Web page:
And selling wine and beer would be a nice addition to the Schuler atmosphere. (And help people make spontaneous purchases? Man, it would be a bad idea for me to hang out tipsy in a bookstore . . .)

The idea of making a bookstore (or library) a “destination” isn’t necessarily new, and a lot of independent bookstore owners implement different ideas to accomplish just this. Expanding more in this direction seems to me to be a really smart idea for the future. Or for right now. With the economy all kinds of f-ed up, I wouldn’t be surprised if there is a significant increase in the number of people just hanging out in Schuler on a Friday night . . . Like Bill says, it is cheap, it is easy, and—as is the case with a lot of indie stores—it’s a great place to meet interesting people, both in terms of the customers and the staff.

And although B&N/Borders have cafes, it’s not quite the same, and the atmosphere at those stores—despite all the puffy chairs and moderately interesting book signing—still isn’t that inviting, making the box stores the sort of place you go to buy something and get out. Or to browse by yourself for a bit and then get out. Even our local B&N’s “Community Room” is totally not conducive to creating a sense of community . . .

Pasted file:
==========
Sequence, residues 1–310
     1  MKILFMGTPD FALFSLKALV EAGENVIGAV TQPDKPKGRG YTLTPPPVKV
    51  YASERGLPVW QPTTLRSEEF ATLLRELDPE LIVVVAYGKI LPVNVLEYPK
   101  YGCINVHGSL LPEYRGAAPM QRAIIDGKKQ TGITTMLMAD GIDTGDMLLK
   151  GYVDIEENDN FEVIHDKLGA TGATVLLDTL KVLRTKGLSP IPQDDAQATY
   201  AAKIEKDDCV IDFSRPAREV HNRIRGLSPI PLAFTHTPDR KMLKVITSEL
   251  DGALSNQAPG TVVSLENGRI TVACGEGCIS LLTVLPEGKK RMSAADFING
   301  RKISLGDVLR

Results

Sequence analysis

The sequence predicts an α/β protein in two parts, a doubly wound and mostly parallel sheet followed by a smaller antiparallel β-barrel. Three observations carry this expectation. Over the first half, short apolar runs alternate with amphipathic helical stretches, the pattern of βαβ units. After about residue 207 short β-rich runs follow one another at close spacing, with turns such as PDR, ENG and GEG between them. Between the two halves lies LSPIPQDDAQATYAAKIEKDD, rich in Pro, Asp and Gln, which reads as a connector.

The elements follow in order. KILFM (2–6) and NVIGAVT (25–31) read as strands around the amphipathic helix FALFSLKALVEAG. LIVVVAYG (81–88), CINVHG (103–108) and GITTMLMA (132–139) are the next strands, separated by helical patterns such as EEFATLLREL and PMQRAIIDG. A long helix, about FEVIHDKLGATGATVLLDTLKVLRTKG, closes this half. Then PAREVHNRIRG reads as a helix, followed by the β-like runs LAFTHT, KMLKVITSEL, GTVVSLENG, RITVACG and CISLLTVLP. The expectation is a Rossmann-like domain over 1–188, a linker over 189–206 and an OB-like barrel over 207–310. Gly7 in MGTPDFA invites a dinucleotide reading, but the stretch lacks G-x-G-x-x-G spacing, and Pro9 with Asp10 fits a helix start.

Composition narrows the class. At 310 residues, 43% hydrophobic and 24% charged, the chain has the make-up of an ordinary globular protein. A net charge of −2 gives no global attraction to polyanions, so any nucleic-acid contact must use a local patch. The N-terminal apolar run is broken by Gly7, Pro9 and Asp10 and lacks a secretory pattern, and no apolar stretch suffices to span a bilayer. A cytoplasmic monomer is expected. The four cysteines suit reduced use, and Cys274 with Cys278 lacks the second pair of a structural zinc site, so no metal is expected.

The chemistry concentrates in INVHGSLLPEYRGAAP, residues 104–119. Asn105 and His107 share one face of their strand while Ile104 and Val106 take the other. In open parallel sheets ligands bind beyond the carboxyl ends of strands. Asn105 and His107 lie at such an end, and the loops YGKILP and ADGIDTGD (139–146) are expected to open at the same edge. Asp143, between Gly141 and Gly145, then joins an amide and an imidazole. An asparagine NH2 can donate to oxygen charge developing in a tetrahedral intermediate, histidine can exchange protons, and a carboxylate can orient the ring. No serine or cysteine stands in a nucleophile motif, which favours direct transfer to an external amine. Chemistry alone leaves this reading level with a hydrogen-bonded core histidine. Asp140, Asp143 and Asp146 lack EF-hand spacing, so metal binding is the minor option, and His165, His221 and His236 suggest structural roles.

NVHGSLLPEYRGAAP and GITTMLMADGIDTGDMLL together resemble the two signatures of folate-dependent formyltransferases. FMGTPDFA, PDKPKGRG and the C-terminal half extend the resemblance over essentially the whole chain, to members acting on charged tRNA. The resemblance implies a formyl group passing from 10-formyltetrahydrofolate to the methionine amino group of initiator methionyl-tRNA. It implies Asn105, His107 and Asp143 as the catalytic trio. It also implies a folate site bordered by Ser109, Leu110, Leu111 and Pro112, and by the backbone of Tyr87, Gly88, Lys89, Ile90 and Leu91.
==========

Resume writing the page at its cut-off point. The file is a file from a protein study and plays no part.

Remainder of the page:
Comments are disabled for this article.
....
Lost in Translation: An Illustrated Compendium of Untranslatable Words from Around the World
Lost in Translation: An Illustrated Compendium of Untranslatable Words from Around the World by Ella Frances Sanders
Reviewed by Kaija Straumanis

Hello and greetings in the 2017 holiday season!

For those of you still looking for something to gift a friend or family member this winter season, or if you’re on the lookout for something to gift in the. . .

Read More >

The Size of the World
The Size of the World by Branko Anđić
Reviewed by Jaimie Lau

Three generations of men—a storyteller, his father and his son—encompass this book’s world. . . . it is a world of historical confusion, illusion, and hope of three generations of Belgraders.

The first and last sentences of the first. . .

Read More >

Island of Point Nemo
Island of Point Nemo by Jean-Marie Blas de Roblès
Reviewed by Katherine Rucker

The Island of Point Nemo is a novel tour by plane, train, automobile, blimp, horse, and submarine through a world that I can only hope is what Jean-Marie Blas de Roblès’s psyche looks like, giant squids and all.